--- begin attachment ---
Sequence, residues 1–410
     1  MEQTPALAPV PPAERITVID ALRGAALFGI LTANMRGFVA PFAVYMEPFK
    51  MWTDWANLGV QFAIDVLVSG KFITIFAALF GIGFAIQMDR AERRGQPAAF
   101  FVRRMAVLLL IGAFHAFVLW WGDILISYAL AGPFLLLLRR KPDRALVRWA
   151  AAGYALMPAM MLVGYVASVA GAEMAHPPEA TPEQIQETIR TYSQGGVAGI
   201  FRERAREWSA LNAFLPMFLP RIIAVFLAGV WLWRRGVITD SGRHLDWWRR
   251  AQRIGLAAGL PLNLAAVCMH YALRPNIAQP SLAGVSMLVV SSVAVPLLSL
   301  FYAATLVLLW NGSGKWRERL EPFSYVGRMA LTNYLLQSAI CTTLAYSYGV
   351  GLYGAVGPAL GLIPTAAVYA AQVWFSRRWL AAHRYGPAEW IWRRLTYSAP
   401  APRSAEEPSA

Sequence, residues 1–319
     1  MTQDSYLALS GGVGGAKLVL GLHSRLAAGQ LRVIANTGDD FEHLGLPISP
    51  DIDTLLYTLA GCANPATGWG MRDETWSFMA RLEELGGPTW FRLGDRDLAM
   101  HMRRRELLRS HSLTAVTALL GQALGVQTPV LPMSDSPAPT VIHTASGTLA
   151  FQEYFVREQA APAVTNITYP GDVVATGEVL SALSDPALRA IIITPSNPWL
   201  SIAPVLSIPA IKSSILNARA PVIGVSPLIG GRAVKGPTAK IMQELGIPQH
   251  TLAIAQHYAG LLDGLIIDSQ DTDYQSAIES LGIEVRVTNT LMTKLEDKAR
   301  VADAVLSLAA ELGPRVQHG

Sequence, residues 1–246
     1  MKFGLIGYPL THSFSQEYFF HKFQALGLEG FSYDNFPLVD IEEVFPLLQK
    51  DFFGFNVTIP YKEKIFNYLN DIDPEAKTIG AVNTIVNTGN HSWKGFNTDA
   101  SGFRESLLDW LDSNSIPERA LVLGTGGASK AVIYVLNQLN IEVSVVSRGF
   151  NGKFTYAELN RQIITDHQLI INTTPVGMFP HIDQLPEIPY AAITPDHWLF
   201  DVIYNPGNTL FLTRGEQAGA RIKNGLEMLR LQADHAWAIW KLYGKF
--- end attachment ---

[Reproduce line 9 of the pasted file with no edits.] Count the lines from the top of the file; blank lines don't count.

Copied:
   351  GLYGAVGPAL GLIPTAAVYA AQVWFSRRWL AAHRYGPAEW IWRRLTYSAP